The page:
Saturday, December 27, 2008

quince parfait, seattle snow job and more

I have neglected you little blog, through the holidays, but I've been busy cooking and eating. Time for catch up in list form:

1) I returned home from a trip with over 6# or quince, so after they scented my fridge with the most mouthwatering smell (I do suggest using a quince over baking soda!), I peeled, cored and cooked them to soft perfection in sugar syrup (1:1, water:sugar or honey), strained that off and reserved it for later, cooked the quince down to mush and pureed it. Then there sits the quince paste in the fridge, waiting to be spread on rosemary toast and made into QUINCE PARFAIT. To be fair it's bastardized version of a dessert in a Gerard Hirigoyen cookbook- The Basque Kitchen.

Dunk ladyfingers in the quince syrup very briefly (you could add a little dessert white wine to the syrup to give the dish kick) and put down a single layer in a ramekin, layer on quince paste, repeat and then top with a mixture of barely sweetened goat cheese and heavy cream (it should be the consistency of think oatmeal), Then top that with caramelized pinenuts. To pretty it up when you serve it, sprinkle a little powdered sugar.

2) That leftover quince syrup is delicious mixed with Rye Whiskey and serve on the rocks in a highball... start at 1:1 and then let the booze and the sweet duke it out according to your palate. We found the ptcher of the stuff jelled up, so I cut the drinks with a tad of citrus to thin. I used orange, lemon and lime juice all separately with equally delicious results.

3) Speaking of drinks, I invented another one- THE SEATTLE SNOW JOB, in honor of our recent, brief Ice Age. It sounds very much like we're about to move overseas, can't take our booze with us and are getting very creative with our cocktails... well, that's how it happens isn't it?
Seattle Snow Job
1 oz Orange Rhum or Brandy
1 oz Plum Eau de Vie (Clear Creek Distillery Mirabelle is what I used)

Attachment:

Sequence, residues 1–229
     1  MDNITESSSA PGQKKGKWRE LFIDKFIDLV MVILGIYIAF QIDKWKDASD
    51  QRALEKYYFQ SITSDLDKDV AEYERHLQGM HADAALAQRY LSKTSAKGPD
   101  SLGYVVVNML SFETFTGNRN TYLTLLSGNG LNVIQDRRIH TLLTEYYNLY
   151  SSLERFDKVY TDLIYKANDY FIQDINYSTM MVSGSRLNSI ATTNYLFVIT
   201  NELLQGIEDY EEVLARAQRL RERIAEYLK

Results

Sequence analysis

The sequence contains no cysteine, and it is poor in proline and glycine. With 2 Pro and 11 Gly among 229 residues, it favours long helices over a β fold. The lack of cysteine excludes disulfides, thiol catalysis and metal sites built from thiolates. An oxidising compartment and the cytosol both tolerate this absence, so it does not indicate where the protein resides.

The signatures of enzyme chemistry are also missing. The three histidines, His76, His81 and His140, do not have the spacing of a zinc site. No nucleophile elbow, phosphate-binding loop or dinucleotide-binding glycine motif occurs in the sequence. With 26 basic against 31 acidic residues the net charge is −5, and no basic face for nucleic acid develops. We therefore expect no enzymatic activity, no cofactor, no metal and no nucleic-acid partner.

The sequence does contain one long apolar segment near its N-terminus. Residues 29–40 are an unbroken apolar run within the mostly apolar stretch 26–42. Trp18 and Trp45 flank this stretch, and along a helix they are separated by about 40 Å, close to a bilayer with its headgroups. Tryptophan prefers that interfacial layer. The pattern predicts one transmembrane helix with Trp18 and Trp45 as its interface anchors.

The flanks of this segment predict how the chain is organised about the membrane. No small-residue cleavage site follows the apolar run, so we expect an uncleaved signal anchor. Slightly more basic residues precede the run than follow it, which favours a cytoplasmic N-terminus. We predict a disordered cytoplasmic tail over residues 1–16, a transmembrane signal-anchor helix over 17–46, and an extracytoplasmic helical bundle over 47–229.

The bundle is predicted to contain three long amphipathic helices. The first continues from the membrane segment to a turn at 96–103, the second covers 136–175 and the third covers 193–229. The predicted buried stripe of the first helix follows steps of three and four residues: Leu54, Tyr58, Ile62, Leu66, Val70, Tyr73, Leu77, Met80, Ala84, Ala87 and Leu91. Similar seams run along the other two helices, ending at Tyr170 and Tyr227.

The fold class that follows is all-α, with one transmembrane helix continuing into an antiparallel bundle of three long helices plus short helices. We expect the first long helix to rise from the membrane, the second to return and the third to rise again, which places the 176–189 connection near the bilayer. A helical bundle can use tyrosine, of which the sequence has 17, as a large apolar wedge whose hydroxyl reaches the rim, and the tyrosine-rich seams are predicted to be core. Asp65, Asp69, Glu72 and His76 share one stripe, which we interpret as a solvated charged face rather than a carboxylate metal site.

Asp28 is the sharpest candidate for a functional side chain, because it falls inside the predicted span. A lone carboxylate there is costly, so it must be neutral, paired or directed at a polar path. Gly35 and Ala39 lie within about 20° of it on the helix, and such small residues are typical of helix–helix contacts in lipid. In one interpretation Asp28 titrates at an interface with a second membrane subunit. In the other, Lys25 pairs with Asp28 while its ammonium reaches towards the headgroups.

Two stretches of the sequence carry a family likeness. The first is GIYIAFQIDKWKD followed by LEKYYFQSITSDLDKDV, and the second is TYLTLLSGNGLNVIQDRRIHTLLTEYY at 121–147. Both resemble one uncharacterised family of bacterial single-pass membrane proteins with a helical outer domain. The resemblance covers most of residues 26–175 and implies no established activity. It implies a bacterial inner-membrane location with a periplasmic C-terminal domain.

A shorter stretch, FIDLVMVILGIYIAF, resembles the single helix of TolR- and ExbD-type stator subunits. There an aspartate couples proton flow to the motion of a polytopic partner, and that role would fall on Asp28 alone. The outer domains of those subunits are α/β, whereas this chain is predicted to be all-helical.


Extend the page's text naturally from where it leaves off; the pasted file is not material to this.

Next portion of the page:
1 oz Benedictine
.5 oz Almond Syrup
1.25 oz heavy cream

Shake copiously with ice and serve up. Garnish with fresh grated nutmeg or grated, toasted almond. Repeat for extra cheer.

4) Remember that Lamb I had to butcher in our sink? Well, with Sean gone to London last week, and him being the primary lamb vetoer, I decided to defrost that neck and make some stew, which became Lamb Tagine due to the excessive amount of prune, date and onion I had in the pantry. Plus it didn't hurt that I have homemade Ras al Hanout on the spice rack and I don't plan to move my spices either. So Lamb Tagine over cous cous was on the menu for Emily and I for a delicious lunch the day after my brilliant idea. It was delicious. My only regret was taht I didn't add any pepper to make it more spanky. Of well, there are many lambs in my future.

5) We had an excellent grass fed, Oregon beef standing rib roast for Christmas. I would go out on a limb and say it was the best standing rib roast I have ever had. Not the beef from Whole Foods we had last year which made me frown and shae my fist at those Whole Foods bastards; this was tender and flavorful and the crust was amazing (a mixture of rosemary, fresh black pepper and Maldon Sea Salt, all mixed up with dijon mustard and slathered on think just before searing in a super hot oven). Maybe the new stove made a difference, too.

6) Of course the best part of prime rib is the sandwiches made from the leftovers. Okay, maybe we don't have to say what the best part is, but if I made a prime rib and didn't have leftovers like this, I would be reduced to tears...
I took a roasted garlic loaf from La Brea Bakery, cut it in half horizontally, cored out he soft stuff and filled it with Eggplant braised with Tomato and Chili Pepper, mayo and thin slices of the prime rib. Ate them a few hours later on the road. Perfection.

7) Holiday baking and Holiday Bacon! Mustard Seed and Cheddar Crackers in abundance chez nous, Cornmeal Thumbprint Cookies filled with Ginger Jam, Gingerbread Reindeer, Cinnamon Chocolate Eggnog and of course, some bacon from Monteillet!

Okay, gotta go out there and eat some more food, we're in Portland after all! At the vey least I'm having some canelles from Ken's Artisan Bakery.
Eat well!

Saturday, December 13, 2008

Department of Food and delicious quince

I just got an email from a good chef friend in SF linking me to a very good Op-Ed piece in the NY Times, which had me whooping along in agreement by the end:
http://www.nytimes.com/2008/12/11/opinion/11kristof.html?_r=1&em

Please read it and if you agree think about signing that petition...

Not since Carter did I feel so hopeful (okay, I was only 10 by the time his presidency ended, but he is the only Prez to get the nobel peace prize after all) about a president and therefore about our ability to be involved in what goes on in Washington.